Recognize the real enemy - I don't criticize other parents.  I don't go there.  Its not my place. What do I look like sitting her writing or talking about other moms and dads, who the hell am I to judge someones experience? I am a card carrying member of the golden rule, I don't want it done to me I don't do it to others.  I don't criticize individuals on the spectrum - how can I claim to be some sort of proponent for inclusion and uniting the community if I can't get along with the individuals who actually have autism.  I describe what has been said to me or what I have witnessed, but I never, never assume I could ever know what is in someones heart and mind.  If they choose to share it with me so be it.  The real enemy is callousness and insensitivity.  That is who I want to fight with and do at least once a week.
Many people like to talk.  Talk talk talk talk talk.  People like to talk about themselves and their experiences and their opinions and they like to think they know something about someone else, but they don't.  These same people can't even begin to speculate as to what my family has gone through or what a typical crazy day in the life of us entails.  I get pissed off because I put myself out here in the blog world and on internet radio, because I get tired of seeing the same faces talking about autism, the same faces answering questions about autism, the same faces directing the dialog on autism.  The faces don't look like me and they certainly don't share my story.   Its not all good, its not all bad, it certainly isn't easy.  I am sorry if I have offended anyone in my quest to bring some different aspects about families and autism to the table.  Get over it.  I have.  My life will not be like anyone else's and I will continue to talk and share my personal opinions.  Maybe I'm paranoid and no one really cares what I have to say, but as a little variation on the well known saying goes, just because I am paranoid doesn't mean no ones talking about me.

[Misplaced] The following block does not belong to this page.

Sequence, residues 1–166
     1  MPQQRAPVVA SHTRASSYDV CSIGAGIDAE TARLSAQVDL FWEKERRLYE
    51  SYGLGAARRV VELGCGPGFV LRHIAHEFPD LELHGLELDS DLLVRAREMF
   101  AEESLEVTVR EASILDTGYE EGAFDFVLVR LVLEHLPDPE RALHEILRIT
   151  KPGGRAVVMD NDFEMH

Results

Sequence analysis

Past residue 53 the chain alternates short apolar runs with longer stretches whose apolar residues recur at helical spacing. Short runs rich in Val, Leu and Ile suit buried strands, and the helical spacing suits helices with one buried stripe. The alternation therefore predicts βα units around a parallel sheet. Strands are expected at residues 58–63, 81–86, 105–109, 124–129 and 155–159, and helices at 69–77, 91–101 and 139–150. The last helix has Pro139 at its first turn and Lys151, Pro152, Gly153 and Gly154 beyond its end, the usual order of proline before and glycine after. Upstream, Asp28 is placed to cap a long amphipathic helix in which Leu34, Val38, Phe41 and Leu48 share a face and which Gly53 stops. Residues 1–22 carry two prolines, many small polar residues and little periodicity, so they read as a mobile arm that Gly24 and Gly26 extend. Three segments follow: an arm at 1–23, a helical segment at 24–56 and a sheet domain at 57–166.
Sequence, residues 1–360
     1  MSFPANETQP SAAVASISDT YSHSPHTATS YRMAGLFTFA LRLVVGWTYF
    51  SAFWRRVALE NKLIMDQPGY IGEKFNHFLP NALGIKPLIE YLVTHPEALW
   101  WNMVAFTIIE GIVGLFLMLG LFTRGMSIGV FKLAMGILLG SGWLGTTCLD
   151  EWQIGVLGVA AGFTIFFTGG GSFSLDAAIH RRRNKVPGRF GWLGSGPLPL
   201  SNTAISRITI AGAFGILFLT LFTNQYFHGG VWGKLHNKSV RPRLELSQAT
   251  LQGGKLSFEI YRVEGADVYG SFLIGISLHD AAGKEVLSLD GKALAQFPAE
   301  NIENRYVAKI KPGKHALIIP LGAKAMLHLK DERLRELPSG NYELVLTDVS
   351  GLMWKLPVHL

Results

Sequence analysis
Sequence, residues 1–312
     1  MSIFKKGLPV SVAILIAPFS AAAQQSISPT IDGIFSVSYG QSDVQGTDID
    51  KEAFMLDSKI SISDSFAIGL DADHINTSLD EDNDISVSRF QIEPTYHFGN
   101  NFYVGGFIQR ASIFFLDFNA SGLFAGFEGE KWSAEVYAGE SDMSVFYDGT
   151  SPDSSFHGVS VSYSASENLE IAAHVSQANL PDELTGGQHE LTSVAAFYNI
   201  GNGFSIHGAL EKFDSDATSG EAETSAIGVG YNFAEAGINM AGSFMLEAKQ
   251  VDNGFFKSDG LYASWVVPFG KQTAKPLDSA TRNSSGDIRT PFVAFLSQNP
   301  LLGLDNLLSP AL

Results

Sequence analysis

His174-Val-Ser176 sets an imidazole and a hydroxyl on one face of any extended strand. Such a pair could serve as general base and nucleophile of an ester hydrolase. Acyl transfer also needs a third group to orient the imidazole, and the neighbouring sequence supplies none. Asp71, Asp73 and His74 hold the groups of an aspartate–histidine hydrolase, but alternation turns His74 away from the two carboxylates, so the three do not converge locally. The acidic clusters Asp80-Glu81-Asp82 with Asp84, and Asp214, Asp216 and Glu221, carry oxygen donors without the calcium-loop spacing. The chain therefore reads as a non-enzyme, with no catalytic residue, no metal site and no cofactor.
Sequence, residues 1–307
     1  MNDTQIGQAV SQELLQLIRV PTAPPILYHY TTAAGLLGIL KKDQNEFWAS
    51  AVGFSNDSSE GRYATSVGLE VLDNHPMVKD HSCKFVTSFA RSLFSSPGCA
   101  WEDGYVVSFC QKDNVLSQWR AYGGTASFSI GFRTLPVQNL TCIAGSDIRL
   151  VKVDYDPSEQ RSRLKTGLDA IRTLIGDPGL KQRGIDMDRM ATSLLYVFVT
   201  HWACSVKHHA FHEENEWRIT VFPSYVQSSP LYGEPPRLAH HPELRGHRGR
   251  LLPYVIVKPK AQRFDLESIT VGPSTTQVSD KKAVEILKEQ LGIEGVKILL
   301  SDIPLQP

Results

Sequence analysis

For those who love the song...

November 15, 2009

How do I discipline my child with autism .... show resources

What a great and informative show!  If you missed it you must check it out, great advice and tips for any parent. Unfortunately we didn't get discipline, isolation, depression and other things I wanted to ask, but Maggie will be back again.

Focus on Foundations
Friends of Autism - grants up to $500

Autism A-Z